Laparoscopic Surgery of Symptomatic Urachal Remnants

Takahiro Mizukawa, Norimasa Koide, Takao Kunou, Katsushi Yoshida, Shigemi Onoue, Kenji Katou. Inazawa municipal hospital

Introduction: The traditional approach for removing a symptomatic urachal remnant has been open surgery with a hypogastric transverse or midline infraumbilical incision. Recent minimally invasive laparoscopic techniques can effectively manage this disease. We review our experience with laparoscopic resection of an urachal remnant and report the efficacy and outcomes of this procedure as a less morbid, minimally invasive alternative.

Methods and procedures: Between June 2008 and June 2015, 17 patients (13 males, 4 females) with mean age of 28.2 years (range, from 12 to 43years) were included in this study. Laparoscopic treatment was performed after patient’s acute symptoms subsided.

The visualization port using the Endopath Xcel 5-mm trocar placed on the right hemi abdomen, and was insufflated by using CO2 with intraabdminal pressure maintained at 8mmHg. Another 5-mm port was placed under direct vision on the caudal side of the camera port. .Another 2-mm port or 5-mm port was placed on the head side. The bladder is filled with about 300ml of physiologic solution to help identify the bladder. The urachal remnant was dissected from the umbilicus to the bladder dome, and then removed completely. The caudal side of urachal remnant was ligated with an intracorporeal knot and was transected with ultrasonic scissors, just above the bladder dome. And then, the umbilicus was excised with the umbilical remnant. Finally, we performed umbilicoplasty. Intra and postoperative complications were analyzed to assess the safety and feasibility of the procedure.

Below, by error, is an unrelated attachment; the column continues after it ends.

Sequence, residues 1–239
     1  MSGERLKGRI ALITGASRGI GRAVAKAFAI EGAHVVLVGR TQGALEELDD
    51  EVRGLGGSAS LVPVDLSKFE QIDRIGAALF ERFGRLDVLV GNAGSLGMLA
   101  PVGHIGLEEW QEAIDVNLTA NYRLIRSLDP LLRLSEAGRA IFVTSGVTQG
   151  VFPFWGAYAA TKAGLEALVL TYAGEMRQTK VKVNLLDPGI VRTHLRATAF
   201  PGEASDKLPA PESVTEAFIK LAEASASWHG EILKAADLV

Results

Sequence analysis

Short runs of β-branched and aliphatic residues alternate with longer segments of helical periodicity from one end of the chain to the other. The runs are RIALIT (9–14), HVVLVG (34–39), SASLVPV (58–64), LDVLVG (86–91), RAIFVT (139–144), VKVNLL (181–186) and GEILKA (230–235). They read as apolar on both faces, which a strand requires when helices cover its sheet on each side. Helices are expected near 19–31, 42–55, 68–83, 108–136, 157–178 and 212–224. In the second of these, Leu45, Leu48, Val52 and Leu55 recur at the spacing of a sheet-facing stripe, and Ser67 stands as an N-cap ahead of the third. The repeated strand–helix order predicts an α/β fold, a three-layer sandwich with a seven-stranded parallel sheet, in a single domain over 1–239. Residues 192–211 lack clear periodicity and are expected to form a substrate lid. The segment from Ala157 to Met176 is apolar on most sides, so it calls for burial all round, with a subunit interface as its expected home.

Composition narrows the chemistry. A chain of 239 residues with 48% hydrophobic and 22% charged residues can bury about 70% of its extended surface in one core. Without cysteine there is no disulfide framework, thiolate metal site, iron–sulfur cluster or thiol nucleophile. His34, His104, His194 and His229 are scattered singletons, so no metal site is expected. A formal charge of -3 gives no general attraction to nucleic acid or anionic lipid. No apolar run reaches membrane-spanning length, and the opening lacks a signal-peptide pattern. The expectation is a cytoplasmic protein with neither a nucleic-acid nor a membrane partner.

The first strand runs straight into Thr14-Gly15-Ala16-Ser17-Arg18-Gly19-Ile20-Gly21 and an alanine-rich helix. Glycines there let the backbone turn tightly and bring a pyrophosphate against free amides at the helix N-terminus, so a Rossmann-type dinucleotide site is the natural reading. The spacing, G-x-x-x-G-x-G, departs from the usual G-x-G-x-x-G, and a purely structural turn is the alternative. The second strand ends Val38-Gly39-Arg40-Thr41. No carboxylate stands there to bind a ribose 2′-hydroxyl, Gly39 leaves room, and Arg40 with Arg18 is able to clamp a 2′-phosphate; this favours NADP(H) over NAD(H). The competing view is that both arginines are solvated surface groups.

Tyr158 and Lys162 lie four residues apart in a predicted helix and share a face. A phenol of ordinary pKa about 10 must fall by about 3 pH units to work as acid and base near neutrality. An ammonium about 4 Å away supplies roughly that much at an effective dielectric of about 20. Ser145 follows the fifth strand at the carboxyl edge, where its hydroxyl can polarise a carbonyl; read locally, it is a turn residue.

Result: As for chief complaint, 16 patients were pyogenic discharge from the umbilicus, and 1 patient was pyuria. The mean day to operation after conservative treatment was 66 days (range, 2 to 262 days). The mean operative time was 167 minutes (range, 78 to 285 minutes). The blood loss was less than 10 ml. There were no conversion to laparotomy. The mean hospital stay was 3.7 days (range, 3 to 9 days). There were no significant intraoperative or postoperative complications except 1 patient having small injury of colonicserosa.

Conclusions: Laparoscopic resection of an urachal remnant was a safe and feasible procedure. This procedure provides satisfactory cosmetic results.

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